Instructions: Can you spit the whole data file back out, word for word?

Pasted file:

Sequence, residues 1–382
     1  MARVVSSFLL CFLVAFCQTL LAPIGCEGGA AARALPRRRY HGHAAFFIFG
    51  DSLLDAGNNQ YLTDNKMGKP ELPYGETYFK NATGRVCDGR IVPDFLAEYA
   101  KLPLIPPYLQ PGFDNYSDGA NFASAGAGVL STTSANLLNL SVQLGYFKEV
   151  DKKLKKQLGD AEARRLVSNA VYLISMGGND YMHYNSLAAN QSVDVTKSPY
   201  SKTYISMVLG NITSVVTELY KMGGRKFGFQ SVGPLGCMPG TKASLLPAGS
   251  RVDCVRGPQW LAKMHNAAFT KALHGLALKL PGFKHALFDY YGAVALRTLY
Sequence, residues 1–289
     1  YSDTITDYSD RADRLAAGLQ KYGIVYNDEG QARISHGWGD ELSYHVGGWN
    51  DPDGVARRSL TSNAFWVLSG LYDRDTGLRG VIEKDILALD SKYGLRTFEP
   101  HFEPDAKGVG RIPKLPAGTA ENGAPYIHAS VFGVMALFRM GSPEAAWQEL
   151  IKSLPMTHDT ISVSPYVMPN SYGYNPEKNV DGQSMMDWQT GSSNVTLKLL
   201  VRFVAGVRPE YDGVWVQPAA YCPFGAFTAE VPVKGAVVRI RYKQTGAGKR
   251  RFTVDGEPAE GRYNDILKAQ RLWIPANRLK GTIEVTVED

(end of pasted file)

Sequence, residues 1–382
     1  MARVVSSFLL CFLVAFCQTL LAPIGCEGGA AARALPRRRY HGHAAFFIFG
    51  DSLLDAGNNQ YLTDNKMGKP ELPYGETYFK NATGRVCDGR IVPDFLAEYA
   101  KLPLIPPYLQ PGFDNYSDGA NFASAGAGVL STTSANLLNL SVQLGYFKEV
   151  DKKLKKQLGD AEARRLVSNA VYLISMGGND YMHYNSLAAN QSVDVTKSPY
   201  SKTYISMVLG NITSVVTELY KMGGRKFGFQ SVGPLGCMPG TKASLLPAGS
   251  RVDCVRGPQW LAKMHNAAFT KALHGLALKL PGFKHALFDY YGAVALRTLY
Sequence, residues 1–289
     1  YSDTITDYSD RADRLAAGLQ KYGIVYNDEG QARISHGWGD ELSYHVGGWN
    51  DPDGVARRSL TSNAFWVLSG LYDRDTGLRG VIEKDILALD SKYGLRTFEP
   101  HFEPDAKGVG RIPKLPAGTA ENGAPYIHAS VFGVMALFRM GSPEAAWQEL
   151  IKSLPMTHDT ISVSPYVMPN SYGYNPEKNV DGQSMMDWQT GSSNVTLKLL
   201  VRFVAGVRPE YDGVWVQPAA YCPFGAFTAE VPVKGAVVRI RYKQTGAGKR
   251  RFTVDGEPAE GRYNDILKAQ RLWIPANRLK GTIEVTVED